|The Hunted (2003)
Starring: Tommy Lee Jones, Benicio, Del Toro
Director: William Friedkin
"The Hunted," the new action film starring two of Hollywood's more charismatic stars, Tommy Lee Jones and Benicio Del Toro, is an aimless, and at times amateurish film, which does not fully utilize its star power. William Friedkin, the renown film director of "The French Connection" and "The Exorcist," seems to have punted this one. The film is a distant poor relation to "First Blood" and "The Fugitive," and follows the formula of such films in a disjointed and undeveloped way.
Tommy Lee Jones plays L.T Bonham, a skilled tracker and survivalist, based upon the real life Tom Brown (see related interview), and Benicio Del Toro plays Aaron Hallam, a killing machine, who was once trained by L.T. For reasons which are never made clear to us, Hallam has gone AWOL from the military and is killing hunters/or possibly FBI hunters in the Northwest woods. Supposedly Hallam lost his mind on the battlefields of Kosovo, and flashbacks are introduced to show the horror of that war. It is hard to believe from the battles depicted here that such an elite soldier like Hallam would crack under this kind of pressure. The skulls lying on the battlefield which are continuously highlighted in flashback look fake and out of place as if painted silver by an unskilled set p.a.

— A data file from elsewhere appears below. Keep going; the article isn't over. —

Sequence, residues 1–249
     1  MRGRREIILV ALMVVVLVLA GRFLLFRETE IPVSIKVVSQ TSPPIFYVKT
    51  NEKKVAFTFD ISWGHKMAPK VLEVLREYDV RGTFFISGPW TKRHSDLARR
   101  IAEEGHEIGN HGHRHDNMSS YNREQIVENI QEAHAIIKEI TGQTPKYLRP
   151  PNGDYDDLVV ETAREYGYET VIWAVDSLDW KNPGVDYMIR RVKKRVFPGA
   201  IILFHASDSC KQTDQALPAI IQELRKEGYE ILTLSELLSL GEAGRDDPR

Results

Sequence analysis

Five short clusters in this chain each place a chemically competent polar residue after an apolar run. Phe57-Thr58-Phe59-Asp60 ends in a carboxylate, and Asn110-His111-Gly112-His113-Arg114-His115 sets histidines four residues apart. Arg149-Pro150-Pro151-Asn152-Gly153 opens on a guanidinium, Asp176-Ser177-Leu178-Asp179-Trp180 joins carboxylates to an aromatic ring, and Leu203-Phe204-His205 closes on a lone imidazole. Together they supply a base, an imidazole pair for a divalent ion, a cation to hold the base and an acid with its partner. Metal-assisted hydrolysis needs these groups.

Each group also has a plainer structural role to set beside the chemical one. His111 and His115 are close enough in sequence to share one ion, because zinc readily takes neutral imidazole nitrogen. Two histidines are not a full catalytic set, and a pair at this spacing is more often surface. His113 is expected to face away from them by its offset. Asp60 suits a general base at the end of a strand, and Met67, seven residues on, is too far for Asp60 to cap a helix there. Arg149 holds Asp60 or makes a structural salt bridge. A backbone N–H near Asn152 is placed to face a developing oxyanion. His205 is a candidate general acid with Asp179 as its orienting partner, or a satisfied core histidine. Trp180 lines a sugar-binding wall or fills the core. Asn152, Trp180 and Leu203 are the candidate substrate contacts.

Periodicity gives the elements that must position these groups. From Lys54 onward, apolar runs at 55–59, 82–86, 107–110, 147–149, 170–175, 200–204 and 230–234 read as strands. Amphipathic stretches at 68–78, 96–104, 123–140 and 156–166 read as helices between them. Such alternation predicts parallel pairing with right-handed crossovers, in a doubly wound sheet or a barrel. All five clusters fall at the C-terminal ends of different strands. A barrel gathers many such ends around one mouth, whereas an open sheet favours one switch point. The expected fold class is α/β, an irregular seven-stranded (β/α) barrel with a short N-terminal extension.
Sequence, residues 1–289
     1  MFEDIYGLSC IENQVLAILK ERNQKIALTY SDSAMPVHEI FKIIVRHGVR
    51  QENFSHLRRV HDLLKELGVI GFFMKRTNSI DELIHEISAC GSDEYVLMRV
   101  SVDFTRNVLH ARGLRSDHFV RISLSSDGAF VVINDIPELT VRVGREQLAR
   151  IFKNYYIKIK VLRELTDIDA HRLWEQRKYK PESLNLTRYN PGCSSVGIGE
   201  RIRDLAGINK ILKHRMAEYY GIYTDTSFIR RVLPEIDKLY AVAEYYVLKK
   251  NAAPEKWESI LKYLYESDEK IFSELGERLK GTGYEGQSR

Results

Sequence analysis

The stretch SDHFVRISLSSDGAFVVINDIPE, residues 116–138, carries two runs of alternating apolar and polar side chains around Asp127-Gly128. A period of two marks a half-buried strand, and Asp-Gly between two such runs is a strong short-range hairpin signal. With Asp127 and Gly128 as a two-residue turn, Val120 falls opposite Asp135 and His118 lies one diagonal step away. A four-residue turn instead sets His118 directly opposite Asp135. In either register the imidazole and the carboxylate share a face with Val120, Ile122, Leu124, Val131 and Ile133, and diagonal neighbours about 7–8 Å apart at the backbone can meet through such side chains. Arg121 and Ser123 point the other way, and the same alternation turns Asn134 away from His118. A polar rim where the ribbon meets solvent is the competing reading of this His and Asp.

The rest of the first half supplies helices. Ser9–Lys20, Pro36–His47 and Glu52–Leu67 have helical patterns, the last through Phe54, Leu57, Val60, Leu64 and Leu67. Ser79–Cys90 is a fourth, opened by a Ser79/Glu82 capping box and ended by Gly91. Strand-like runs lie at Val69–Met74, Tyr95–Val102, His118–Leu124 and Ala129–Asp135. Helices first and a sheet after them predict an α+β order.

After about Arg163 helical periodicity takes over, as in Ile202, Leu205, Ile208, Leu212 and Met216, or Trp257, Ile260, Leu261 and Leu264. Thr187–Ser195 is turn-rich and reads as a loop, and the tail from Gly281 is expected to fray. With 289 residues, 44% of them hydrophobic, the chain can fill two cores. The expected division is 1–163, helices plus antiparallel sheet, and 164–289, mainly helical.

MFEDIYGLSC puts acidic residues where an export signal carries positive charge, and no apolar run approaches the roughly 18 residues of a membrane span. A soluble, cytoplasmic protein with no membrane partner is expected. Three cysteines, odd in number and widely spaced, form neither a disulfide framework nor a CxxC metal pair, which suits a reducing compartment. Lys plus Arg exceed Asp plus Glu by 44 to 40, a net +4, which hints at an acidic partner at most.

LT is reluctantly brought out of retirement to help track down Hallam before he kills more hunters, and LT catches Hallam almost immediately. In another faulty plot line it is odd that for such a skilled killing machine, Hallam spends most of the film in custody or on his way to being caught again. Some of the tracking scenes in the Mt. Hood woods were cool, and the lessons of the tracking life could have been more fully exploited to show survival in the deep forest without benefit of modern weaponry or technology, but relatively early, the action switches to the streets of Portland where Hallam eludes capture time and again. A chase scene on a Portland trolley car is particularly redundant and frankly boring.
Connie Nielsen, of Gladiator fame, rounds out the cast, as FBI agent Abby Durrell. Her delivery at times is painful. I don't know if this is due to lack of talent, or not being given enough direction by Friedkin, or simply the stock dialogue such as "Secure and lock down sector red," which her character is forced to deliver. Del Toro who is usually wonderful and inventive in his acting choices, also looks amateurish at times. One scene in which he is shown teaching a little girl how to track is so bad it verges on camp.
Well, needless to say the chase goes on and on and you keep waiting for the film to get better, or at least benefit from some sort of a twist, but that twist never comes and the film never gets better, and you are left wondering what they were thinking.